>  file2 attrib1="value1" ...
> and you'll have to make up yet another quoting scheme for the cases
> where we need a double quote in an attribute value... See how you're
> slowly reinventing XML? :)

But some lines later, you tell us, that this case is unlikely. ;-)
(...blank lines and newlines...)

> ,----
> | Theorem (F. Rougon, 2007)
> |
> | Any custom text file format tends to become a degraded version of XML
> | as adding features requires to extend it.

One also could invent a kind of simple language,
that makes things possible by implemented commands
instead of a bloated fileformat.
But you could also argue that XML can also be used for that
purose ;-)

...but it would be more bloaty... or would you rewrite your
Python-code in a xml-style?! ;-)

> > Furthermore, we add (optionally) for every TLPOBJ a line
> > 	tags <tag1> <tag2> <tag3> ...
> > to get the per packages tagging.
> OK (yes, I admit we don't really need spaces/newlines in tag names).

see above ;-)

> > If you agree on that, we should start (in private email) to write a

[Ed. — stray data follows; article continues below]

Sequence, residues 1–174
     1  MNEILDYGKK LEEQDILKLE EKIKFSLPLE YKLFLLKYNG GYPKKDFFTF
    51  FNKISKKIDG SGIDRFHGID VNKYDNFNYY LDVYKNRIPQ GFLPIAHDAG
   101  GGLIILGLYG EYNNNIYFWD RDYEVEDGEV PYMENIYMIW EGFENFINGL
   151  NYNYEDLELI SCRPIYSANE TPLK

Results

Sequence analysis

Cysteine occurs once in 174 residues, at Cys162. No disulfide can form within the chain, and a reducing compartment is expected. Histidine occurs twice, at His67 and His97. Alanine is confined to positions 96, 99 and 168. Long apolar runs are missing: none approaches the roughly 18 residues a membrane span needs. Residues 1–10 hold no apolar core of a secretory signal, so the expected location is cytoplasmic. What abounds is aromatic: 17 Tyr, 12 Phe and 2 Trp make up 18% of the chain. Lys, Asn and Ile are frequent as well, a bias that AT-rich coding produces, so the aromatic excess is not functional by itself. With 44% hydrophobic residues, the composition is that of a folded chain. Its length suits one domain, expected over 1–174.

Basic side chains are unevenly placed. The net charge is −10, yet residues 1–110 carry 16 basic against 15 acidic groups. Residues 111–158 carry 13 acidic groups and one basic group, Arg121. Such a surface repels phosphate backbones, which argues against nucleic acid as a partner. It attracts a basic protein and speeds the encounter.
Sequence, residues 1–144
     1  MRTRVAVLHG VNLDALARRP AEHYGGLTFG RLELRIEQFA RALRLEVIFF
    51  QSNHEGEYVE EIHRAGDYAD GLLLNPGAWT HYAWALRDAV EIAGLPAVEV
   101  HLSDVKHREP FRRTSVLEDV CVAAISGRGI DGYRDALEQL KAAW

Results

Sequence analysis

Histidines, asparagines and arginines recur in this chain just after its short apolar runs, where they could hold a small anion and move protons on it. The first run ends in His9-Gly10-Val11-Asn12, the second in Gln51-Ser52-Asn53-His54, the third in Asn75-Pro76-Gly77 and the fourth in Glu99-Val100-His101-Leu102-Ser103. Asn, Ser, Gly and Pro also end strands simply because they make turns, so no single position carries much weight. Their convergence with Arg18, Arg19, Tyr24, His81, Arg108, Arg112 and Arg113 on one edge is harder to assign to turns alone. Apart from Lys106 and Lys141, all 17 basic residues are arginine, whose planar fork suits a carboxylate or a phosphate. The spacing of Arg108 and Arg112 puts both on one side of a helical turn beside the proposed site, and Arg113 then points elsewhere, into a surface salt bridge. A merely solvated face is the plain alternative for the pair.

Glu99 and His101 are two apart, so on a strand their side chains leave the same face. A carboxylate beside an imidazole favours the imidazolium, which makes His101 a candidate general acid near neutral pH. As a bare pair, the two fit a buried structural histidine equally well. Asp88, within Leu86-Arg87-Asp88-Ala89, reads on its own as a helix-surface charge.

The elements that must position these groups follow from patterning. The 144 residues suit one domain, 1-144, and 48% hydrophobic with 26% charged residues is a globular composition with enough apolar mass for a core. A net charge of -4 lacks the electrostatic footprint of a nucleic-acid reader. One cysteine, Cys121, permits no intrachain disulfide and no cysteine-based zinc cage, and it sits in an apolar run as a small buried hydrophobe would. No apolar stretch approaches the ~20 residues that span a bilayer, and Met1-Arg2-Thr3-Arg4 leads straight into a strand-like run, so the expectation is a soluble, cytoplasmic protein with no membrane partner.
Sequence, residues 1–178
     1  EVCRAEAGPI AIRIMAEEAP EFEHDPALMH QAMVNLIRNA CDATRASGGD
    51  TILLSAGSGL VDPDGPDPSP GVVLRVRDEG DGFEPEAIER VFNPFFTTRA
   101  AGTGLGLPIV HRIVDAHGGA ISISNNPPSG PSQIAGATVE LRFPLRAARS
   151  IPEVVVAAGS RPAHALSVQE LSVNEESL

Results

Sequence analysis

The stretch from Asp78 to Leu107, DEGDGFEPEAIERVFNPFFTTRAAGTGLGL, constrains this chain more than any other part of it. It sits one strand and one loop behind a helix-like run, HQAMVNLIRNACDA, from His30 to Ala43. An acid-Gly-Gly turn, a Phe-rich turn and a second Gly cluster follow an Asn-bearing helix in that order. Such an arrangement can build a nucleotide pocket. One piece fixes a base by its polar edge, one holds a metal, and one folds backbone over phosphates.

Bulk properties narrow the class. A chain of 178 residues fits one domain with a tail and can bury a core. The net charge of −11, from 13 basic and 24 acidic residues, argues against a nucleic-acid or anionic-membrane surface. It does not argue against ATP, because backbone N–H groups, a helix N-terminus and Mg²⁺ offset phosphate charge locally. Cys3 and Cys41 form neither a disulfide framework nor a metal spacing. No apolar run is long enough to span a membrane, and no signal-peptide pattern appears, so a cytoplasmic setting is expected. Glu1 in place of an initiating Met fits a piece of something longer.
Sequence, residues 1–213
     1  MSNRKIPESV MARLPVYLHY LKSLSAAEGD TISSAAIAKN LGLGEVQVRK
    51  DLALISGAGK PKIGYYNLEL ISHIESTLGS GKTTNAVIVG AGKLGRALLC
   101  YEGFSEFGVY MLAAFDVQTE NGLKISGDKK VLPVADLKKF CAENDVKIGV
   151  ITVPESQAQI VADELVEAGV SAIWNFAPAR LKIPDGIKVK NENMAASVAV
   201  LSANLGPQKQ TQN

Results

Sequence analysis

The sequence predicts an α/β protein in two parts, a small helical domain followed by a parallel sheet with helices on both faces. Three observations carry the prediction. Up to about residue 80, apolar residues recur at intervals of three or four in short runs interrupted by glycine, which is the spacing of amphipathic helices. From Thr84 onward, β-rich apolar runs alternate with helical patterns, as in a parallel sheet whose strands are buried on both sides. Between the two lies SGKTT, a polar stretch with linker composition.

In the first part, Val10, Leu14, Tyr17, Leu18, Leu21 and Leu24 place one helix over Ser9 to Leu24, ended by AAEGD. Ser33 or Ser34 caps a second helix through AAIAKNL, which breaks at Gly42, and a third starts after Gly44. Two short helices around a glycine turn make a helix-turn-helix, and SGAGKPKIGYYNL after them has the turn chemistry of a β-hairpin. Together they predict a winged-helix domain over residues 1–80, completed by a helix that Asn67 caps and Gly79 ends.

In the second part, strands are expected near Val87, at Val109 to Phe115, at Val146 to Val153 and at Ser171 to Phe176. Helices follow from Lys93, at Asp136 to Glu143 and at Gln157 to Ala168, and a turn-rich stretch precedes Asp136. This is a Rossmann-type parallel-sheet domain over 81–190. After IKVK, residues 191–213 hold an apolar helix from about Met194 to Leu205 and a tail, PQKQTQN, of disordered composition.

> > decent proposal with:
> > - rational
> That's spellt "rationale"...

something like a documentation of the whole process?
Shat's what I've looked for, when I subscribed this list.

> (yes, I know you may be doing that intentionally to make XML look
> complicated :)
> (and yes, I do think XML is complicated *if* you want to understand all
> the myriad of extensions around it such as XPath, XLink, XML Schemas,
> RELAX-NG, XWhatever, but basic XML is simple)
> With your answers to this mail, I should be able to start working (which
> doesn't mean you'll see immediate results, because I'll have to learn Qt
> again and see how to work with libtagcoll, but being able to assemble
> all the parts in my little head will greatly improve my peace of mind
> :).


Will the next texlive-DVD include graphical installers based on Qt?!

Or am I completely out of order of the discussion?

Maybe discussing per Mail is not helping here,
because I will not read 10.000 splitters of docs and code snippets,
only because there is no overview on the concept that is planned to implement.



More information about the tex-live mailing list